Despite tough trading conditions, Porsche deliveries were up 2 percent year-on-year in the first three quarters of 2022. Will sales remain on an upward trajectory?

‘For us, volume isn’t our focus and hasn’t been our focus – and nor will it be our focus in the future. We are more focused and intent on fulfilling dreams for costumers, offering special cars, exclusive cars like the 911 Dakar that we presented in LA. This is our aim, to win our customers over, to convince them to buy Porsche and then having a positive mix and having a positive profitability. That is what counts. So, volume isn’t a priority. This year [2022], we will come up to more or less the same volume level as last year [2021], because of all the circumstances with supply chains, war and so on. But looking to our financial results, they are as strong as ever before.’ 

Tell us about the decision-making process that begat the 911 Dakar. Did your research data suggest that Porsche customers want something like this, or was it just an inspired Eureka moment?

‘Everything we do is about listening to our customers. We have customers in different regions around the world. There was a need to bring a car you can drive off-road and, thinking of our product strategy, we have the 911 base, stretching from the entry model to the Turbo S. Then we have the very sporty ones, the GT models. We also have the heritage pillar – and there the idea came from the sports industry. We saw the sports shoes from the 1970s and 80s and thought that could work for Porsche too, so we brought the 50th edition and the 60th edition with the Sport Classic. We are considering bringing 1970s and 80s-inspired models too…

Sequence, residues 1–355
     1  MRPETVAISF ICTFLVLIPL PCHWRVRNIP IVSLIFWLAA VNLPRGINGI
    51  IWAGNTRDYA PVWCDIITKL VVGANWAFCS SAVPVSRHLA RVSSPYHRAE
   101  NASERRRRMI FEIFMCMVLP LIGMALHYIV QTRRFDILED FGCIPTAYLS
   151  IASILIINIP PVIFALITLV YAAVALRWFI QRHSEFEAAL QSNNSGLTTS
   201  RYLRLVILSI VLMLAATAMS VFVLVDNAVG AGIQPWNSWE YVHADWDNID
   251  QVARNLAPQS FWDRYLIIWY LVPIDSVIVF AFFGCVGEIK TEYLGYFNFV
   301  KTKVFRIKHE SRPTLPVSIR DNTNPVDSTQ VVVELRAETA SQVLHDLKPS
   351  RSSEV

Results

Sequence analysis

The new Porsche 911 Dakar – with its 1980s 911 Carrera 4×4 953 namesake

‘Very few global brands are able to bring these successful items from the past and connect them with modern technology. But Porsche can. Then we thought “Why not a third pillar, besides sporty GT and heritage models? Why not off-road, too?” When we were thinking about how to position the product and asking would it be feasible from a technical perspective, it was a stunning process over the past few years. But testing the prototypes, I was so convinced – it had such a good off-road ability. That was the clear point when I decided to go for it. The GT models like the GT2 RS are very focused on motorsport; they are very convincing with their Nordschleife times. The heritage models have a big product content. And now the 911 Dakar has a very high technical level.’